CHAPTER 2 THE BEGINNINGS OF A NORTH AMERICAN SHINTO Today Shinto practice in North America is not widespread and many Americans' first exposure to Shinto is through literature or classes on World Religions. Because of this, it is important to examine the ways in which Shinto is being portrayed and looking into the backgrounds of those who write about it. Since the first Jesuit missionaries arrived in Japan in the sixteen century from Portugal and Spain, Japanese religions, including Shinto, have been researched and written about in three basic ways. The first way of portraying Shinto has been highly critical, and the motivations behind this type of "scholarship" were either to justify and encourage the spread of Christianity or to learn about the "enemy" or justify aggressive military action towards the Japanese, such as in WWII.1 The second type of scholarship is purely academic. Much of this type of Shinto scholarship examines historical development, rituals, or philosophy, or provides translations of texts or prayers. The third type, the type that is most relevant to this thesis, is written or translated by English speaking scholars on Shinto history or practice in a sympathetic tone. I will refer to this genre of Shinto scholarship as "sympathetic scholarship." This type of literature is a key component of the popularity and understanding that Shinto enjoys in some circles of North America today. I am not inferring here that this genre of books is necessarily not academic. I set them apart because these authors had connections with Yukitaka Yamamoto or their works have made Shinto accessible outside of academic circles and are distributed or promoted amongst Shinto practitioner circles. Most of the following authors qualify in both ways. 1 One example is Robert O. Ballou, Shinto the Unconquered Enemy: Japan's Doctrine of Racial Superiority and World Conquest (New York: The Viking Press, 1945). 15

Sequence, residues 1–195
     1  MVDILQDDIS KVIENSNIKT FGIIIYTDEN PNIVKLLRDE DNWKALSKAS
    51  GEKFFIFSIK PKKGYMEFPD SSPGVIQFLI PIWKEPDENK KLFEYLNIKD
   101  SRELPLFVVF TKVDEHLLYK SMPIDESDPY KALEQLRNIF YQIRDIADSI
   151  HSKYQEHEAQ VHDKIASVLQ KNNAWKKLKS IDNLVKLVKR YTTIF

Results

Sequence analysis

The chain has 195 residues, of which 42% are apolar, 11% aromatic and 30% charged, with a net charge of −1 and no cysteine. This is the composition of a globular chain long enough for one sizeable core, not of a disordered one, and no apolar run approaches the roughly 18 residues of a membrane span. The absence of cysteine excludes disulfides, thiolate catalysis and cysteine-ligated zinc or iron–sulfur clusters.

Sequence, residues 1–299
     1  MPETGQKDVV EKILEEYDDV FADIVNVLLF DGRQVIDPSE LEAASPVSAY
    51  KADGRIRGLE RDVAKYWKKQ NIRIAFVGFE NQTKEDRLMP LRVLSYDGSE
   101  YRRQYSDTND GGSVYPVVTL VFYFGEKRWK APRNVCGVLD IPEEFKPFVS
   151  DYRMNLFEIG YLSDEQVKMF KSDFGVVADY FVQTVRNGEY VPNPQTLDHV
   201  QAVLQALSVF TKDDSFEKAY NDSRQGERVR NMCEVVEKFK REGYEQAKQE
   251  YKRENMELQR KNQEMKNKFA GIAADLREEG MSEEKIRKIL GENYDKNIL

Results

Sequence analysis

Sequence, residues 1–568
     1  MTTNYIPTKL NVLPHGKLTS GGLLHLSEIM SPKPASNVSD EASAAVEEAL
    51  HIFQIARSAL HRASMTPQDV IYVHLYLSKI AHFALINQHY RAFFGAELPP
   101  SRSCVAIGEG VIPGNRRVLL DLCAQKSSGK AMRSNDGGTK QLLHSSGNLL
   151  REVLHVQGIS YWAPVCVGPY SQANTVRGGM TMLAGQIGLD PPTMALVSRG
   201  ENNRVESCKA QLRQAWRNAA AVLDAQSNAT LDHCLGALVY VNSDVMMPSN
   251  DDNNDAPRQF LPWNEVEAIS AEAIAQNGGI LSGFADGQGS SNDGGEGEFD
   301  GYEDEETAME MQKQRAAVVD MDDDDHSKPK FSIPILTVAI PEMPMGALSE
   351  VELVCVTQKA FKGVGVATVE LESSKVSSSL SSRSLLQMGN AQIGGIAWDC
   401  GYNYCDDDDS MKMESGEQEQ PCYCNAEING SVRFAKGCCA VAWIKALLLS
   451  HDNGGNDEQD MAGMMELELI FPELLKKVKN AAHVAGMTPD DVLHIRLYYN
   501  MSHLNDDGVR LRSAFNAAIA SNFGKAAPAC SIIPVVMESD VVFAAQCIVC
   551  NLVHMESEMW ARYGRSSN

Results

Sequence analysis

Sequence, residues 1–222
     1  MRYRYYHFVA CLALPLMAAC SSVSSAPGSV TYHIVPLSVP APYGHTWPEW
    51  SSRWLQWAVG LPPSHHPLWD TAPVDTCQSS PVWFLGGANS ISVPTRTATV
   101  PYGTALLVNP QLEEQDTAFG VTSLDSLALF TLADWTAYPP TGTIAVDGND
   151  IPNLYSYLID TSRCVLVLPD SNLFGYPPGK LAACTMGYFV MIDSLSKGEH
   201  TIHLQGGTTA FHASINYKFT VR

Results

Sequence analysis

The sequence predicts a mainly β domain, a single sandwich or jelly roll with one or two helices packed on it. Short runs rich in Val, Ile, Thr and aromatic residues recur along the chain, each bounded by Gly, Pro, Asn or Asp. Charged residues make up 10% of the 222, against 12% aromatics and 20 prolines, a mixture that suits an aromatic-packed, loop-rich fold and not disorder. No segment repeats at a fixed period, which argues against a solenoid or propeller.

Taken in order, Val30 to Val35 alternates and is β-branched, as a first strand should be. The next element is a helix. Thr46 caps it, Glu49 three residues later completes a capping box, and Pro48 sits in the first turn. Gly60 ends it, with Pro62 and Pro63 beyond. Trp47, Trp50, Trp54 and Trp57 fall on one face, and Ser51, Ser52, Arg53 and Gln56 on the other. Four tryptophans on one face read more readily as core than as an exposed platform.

Sympathetic Shinto Scholars The first notable sympathetic scholar is Joseph Warren Teets Mason (1879-1941), an American journalist, who published The Meaning of Shinto in 1935 while living in Japan. In this book he argues for the validity and vitality of Shinto as a religion. He reminds his readers that though many Japanese cannot explain Shinto in any satisfactory way to a Westerner, this does not mean that Shinto has no meaning. Mason also calls for Japan to begin its scholarship on Shinto in order to be able to explain its culture and religion to other nations (Mason 2002:14). His desire for more Japanese scholarship is both political and personal.2 Although he never directly professes his feelings toward Shinto, his sympathetic leanings come out through his writing. He writes that if Japan could make the full meaning of Shinto available to world, "it will vitally influence all progressive conceptions of spirituality in every enlightened culture, and will rescue divinity from the burial mounds of intellectual materialism" (ibid.: 179). He sees Shinto as something which could modify religion and point to the connectedness between man and the divine spirit (ibid.: 85). Shinto, to Mason, is a universal form of spirituality that Christianity in Japan has benefited from. He writes that what he sees as the spiritual foundations of Shinto, such as human equality and the notion that all religious ways lead to the divine, "is beginning to find self-conscious expression in the West, among people who never have heard of Shinto, indicating that the Shinto conception is more than a racial one" (ibid.: 82). 2 Mason is reacting against the rising political nature of Shinto in Japan. At the time he was writing, Japan was involved in aggressive military campaigns throughout Asia and State Shinto was underway. Understanding the political background in which Mason was writing makes his work that much more incredible--he was truly against the political grain of the time. 16